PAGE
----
Shmuel Rosner
Haaretz (Blog)
November 6, 2007 - 1:00pm


The debate, or you might want to call it a war, over the role American Jews should play in Israeli politics is about to enter yet another round.

Here is one letter I got from someone deeply involved in such matters: "The Israeli debate about whether and how much input to give Diaspora Jews in Israel affairs is in some ways subordinate to the Diaspora Jewish debate. To put it bluntly - we do not require Israel's permission to assert Jewish rights on issues that concern us". You want an example that this is already happening? Take this new Orthodox Union web site, "a one-stop, one-click hub for community information and activism to defend Jerusalem against division." Or, another example: the new Coordinating Council on Jerusalem, an umbrella organization of U.S. Jewish groups who are taking political positions on the upcoming Annapolis negotiations "and beyond."


Some of those activists, now mostly from the right, read with some interest the Haaretz editorial from last week: "The threat by a group of prominent donors to halt funds unless the Jewish Agency cuts itself off from the WZO - a blatant and patronizing demand as it may be - could accelerate a very necessary debate. The donors reflect the growing tendency among the large contributors to focus on visible results rather than perks."

If that's the case, it's not just true when it comes to philanthropy related to Jewish education, or Jewish culture, they say. There is a limit to what many U.S. Jewish organizations will support or even endure passively from any particular Israeli government or policy, one of them told me. And the "visible results" he is talking about are much different than what Haaretz has in mind: "Using whatever political and economic clout we have to pursue what we believe is the best policy".


Now, the question of Jewish influence over the policies of Israel is as old as the State, and very complicated. Back in 1996, it was an Australian billionaire helping Binyamin Netanyahu defeat Shimon Peres in the election. In many other instances, American Jewish groups were supporting organizations that were pressing Israel into accommodating the Palestinian Authority. Both sides were claiming to serve Israel's best interests. Both sides were conveniently ignoring the fact that it is Israelis, rather than themselves, who were going to pay the price of failure.

The Israeli left was frequently denouncing the political involvement of right wing philanthropists like Sheldon Adelson and Joseph Gutnick. The Israeli right was looking suspiciously at peace activists who were paid with the help of outside sources like the Ford Foundation, and at groups benefiting from the generosity of such Jewish philanthropists as Daniel Abraham and Charles Bronfman. Apparently, the money - and the influence that accompanies it - doesn't smell bad, as long as it's in your pocket rather than in your opponent's.


Enter the Annapolis meeting, and with it the renewed (and one might add boring and tired) debate about Jerusalem, the right of return and the future of the settlements.

Here we go again: Left wing American Jewish groups praising Prime Minister Olmert ("Israel Policy Forum To Olmert: We Admire Your Determination To Make Annapolis a Meaningful Event"), right wing groups calling him to task (ZOA: "The Olmert government, contrary to the views of the Israeli and American publics, is planning to divide Jerusalem").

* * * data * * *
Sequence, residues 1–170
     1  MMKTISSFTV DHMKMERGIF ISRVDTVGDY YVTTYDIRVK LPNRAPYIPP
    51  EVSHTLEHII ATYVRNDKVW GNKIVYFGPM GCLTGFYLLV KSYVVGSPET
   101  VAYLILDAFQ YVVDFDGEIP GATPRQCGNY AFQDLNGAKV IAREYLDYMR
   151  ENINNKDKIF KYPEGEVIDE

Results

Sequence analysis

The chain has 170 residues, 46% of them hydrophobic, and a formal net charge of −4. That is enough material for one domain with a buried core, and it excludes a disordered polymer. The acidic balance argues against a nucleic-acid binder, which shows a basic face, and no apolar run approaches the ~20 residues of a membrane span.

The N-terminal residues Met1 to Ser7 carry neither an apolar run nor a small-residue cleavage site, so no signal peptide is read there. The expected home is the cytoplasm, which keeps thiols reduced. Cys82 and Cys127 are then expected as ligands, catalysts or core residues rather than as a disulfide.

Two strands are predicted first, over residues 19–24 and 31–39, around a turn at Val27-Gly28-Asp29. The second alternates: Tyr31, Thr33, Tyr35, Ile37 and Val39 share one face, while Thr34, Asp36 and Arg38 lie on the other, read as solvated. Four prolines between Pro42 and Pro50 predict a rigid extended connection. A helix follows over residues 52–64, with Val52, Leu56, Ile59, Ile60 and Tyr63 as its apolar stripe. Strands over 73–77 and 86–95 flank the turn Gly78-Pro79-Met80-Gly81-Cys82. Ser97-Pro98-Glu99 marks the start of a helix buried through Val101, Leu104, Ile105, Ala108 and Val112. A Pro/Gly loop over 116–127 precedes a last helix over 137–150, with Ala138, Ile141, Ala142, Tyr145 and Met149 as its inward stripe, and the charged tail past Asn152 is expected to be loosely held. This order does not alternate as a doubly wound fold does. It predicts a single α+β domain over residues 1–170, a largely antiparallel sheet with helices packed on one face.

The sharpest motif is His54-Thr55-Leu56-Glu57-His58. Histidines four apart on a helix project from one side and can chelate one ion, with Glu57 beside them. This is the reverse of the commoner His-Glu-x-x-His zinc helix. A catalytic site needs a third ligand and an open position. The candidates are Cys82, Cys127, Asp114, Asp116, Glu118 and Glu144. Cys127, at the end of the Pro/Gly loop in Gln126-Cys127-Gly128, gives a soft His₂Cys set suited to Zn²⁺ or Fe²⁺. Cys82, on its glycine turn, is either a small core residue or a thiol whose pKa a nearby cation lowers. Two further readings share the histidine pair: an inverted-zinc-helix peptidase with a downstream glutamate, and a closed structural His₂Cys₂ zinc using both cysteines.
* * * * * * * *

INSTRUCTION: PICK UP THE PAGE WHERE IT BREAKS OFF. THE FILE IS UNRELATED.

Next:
Both camps are using the peace process as the most efficient tool of fund raising.


A couple of months ago, I criticized the OU for staying mum on an instance of disobedience of Orthodox soldiers serving in the occupied territories. Last year, the OU adopted a resolution that empowered the leadership of the organization to express opposition to Israeli government policies in any appropriate way, "including publicly." Whether this was the right decision is a matter of debate, I wrote, "but the Union now has a golden opportunity to address a problem in need of urgent care, publicly: the Duchifat Battalion affair. And the excuse of we-do-not-engage-in-intra-Israeli-matters is gone."

Needless to say, such condemnation of the Orthodox soldiers never materialized.


Another article I wrote dealt with the opposing political camp (see how fair and balanced I can be?). A group of several dovish organizations were trying to raise funds and resources for the establishment of a new, strong and efficient lobby with the aim of pushing the U.S. Congress and government to increase their involvement in solving the Arab-Israeli conflict peacefully.

I blamed them for linguistic acrobatics for claiming that they support Israel: "The distinction some of the founders make between supporting the values of the 'Israeli public' and those of the 'Israeli government' is not reasonable. The public is represented by its government. They may decide not to support it, but they are well advised to avoid a righteous facade that does not respect the voters and their decisions."


So, should American Jews have a voice in shaping Israel's policies?

The naked, unvarnished truth is this: The new generation of American Jewish organizations and philanthropists no longer supports "Israel" in the sense that they support whatever Israel decides that it is in its best interest. They support the Israeli political camp that's more to their liking, and the actions that seem in tandem with their core beliefs.


Is that OK?

That's life.


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